FIG. 8 illustrates a side view of another embodiment of the present invention. In this second embodiment, a direct current motor 7, shown in FIG. 4, is contained within a seat cushion member 3 and fixed therein. Namely, the direct current motor 7 is mounted on a dish-shaped frame body 23 supporting an urethane pad 5 in such a manner that springs 6 are installed within a space under the urethane pad 5 which forms the seat cushion member 3. Except for that, the remaining parts are the same as the above-described first embodiment. The same reference numerals are allotted for like parts.

According to the second embodiment, the direct current motor 7 is contained within the seat cushion member 3 and fixed therein. Therefore, this configuration is easily applicable for an automobile 30 which does not have the backup member 4 of the first embodiment shown in FIG. 1. Further, the direct current motor 7 is protected by the seat cushion member 3 so as not to be damaged by a can or similar which may be rolling or sliding around on the floor surface 30a of the automobile 30. Still further, this embodiment retains the same function and effects as those of the first embodiment.

FIG. 9 illustrates a third embodiment of the present invention. In the third embodiment, the direct current motor shown in FIG. 4 is mounted on the underside of a seat bottom 2 and contained within a rectangular cover 28a made of a plate, fabric or similar surrounding a space under the seat bottom 2. In the meantime, the position where a direct current motor 7 is placed, is not the middle of the underside face of the seat bottom 2, but rather the position is shifted towards the right or left (the position is shifted towards the right in the drawing figure) and also shifted toward the rear (as shown in FIG. 10). In the figure, legs 28 are extended from the four corners of the seat bottom 2 and are fixed on a floor surface 30a of an automobile 30. Except for that, the remaining parts are the same as those of the above-described first and second embodiments. The same reference numerals are given to like parts.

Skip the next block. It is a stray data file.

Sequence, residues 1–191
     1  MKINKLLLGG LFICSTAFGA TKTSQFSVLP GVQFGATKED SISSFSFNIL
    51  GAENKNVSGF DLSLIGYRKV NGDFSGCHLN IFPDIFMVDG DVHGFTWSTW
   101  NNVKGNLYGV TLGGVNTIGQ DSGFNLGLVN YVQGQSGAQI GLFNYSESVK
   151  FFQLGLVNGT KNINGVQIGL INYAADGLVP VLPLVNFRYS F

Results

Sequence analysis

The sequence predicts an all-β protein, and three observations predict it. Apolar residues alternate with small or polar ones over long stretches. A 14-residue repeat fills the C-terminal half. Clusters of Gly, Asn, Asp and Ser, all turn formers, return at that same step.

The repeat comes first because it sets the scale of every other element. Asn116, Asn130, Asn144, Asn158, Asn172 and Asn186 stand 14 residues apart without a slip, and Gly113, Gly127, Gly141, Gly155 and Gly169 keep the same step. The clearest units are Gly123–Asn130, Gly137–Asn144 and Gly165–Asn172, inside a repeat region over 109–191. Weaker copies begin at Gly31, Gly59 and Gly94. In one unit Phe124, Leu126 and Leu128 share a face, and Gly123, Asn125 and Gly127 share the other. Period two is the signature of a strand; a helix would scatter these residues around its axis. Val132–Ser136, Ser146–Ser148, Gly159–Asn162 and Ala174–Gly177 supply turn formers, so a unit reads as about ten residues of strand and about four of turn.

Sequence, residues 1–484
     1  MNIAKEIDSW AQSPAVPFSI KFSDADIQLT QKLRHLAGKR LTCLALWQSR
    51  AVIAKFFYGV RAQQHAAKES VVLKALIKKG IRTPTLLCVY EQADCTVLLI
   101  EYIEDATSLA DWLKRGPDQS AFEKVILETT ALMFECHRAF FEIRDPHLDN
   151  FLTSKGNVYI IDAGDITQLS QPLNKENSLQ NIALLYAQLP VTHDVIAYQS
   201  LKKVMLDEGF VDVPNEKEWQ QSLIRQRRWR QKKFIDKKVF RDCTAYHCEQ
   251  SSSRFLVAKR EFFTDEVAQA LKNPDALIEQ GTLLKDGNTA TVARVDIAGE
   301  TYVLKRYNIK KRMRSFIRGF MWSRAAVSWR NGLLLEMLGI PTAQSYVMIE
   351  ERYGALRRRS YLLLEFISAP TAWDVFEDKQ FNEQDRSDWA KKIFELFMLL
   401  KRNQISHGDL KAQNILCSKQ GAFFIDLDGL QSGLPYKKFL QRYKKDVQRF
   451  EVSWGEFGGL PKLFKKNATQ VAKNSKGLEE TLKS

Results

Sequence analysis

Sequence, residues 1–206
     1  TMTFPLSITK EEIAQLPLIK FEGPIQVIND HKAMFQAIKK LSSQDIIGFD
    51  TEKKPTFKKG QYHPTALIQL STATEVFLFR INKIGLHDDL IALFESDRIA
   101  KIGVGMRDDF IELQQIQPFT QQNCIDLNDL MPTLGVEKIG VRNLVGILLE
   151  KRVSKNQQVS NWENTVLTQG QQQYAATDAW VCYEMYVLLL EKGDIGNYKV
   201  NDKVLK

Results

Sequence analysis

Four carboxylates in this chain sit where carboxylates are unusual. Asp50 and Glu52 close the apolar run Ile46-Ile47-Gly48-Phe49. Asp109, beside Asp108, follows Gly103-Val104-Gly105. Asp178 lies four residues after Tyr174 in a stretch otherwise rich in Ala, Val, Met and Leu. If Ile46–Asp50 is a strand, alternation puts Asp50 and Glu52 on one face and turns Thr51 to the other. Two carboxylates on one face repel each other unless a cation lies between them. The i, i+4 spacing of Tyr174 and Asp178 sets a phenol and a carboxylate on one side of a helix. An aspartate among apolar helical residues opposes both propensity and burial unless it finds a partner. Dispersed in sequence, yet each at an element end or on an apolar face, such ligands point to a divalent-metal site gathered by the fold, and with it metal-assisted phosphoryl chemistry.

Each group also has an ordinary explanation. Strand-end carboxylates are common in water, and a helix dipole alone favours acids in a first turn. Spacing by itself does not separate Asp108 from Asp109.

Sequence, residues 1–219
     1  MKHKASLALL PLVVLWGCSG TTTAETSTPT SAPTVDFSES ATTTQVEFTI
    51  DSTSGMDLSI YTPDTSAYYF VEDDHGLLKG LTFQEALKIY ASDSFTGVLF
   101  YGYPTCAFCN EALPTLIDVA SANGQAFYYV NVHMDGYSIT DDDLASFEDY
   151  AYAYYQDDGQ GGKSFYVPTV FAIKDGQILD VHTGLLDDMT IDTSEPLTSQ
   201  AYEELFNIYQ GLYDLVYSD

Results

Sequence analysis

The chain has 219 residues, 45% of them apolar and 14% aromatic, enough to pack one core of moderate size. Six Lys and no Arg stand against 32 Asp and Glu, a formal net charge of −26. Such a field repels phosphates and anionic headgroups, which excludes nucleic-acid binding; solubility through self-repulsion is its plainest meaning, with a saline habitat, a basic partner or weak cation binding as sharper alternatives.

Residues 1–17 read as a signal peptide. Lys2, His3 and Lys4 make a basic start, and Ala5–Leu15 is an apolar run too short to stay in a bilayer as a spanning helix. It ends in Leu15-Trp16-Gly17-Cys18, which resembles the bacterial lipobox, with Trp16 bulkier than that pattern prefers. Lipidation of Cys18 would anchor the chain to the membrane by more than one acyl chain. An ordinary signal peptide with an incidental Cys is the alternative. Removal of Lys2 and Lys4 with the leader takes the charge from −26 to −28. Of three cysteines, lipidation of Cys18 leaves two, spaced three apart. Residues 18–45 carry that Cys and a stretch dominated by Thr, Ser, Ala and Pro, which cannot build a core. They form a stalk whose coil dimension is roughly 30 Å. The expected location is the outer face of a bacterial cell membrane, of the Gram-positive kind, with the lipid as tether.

According to this the embodiment, the direct current motor 7 is contained within the cover 28a surrounding a space under the seat bottom 2 and fixed therein so that the direct current motor 7 can easily be mounted on the seat bottom 2 in case of the automobile 30 having no extra space within the seat bottom 2. Further, the direct current motor 7 is protected by the cover 28a so as not to be damaged by a can or similar that may be rolling or sliding around on the floor surface 30a of the automobile 30. Still further, the direct current motor 7 is mounted on the rear part of the seat bottom 2 of the seat 1, and is positioned approximately right under a driver's hip so that the vibration can be surely and strongly transmitted to the driver through hip. This promotes the effect of preventing the driver's dozing off at the wheel more efficiently. Even still further, the third embodiment retains the same function and effects as those of the first embodiment.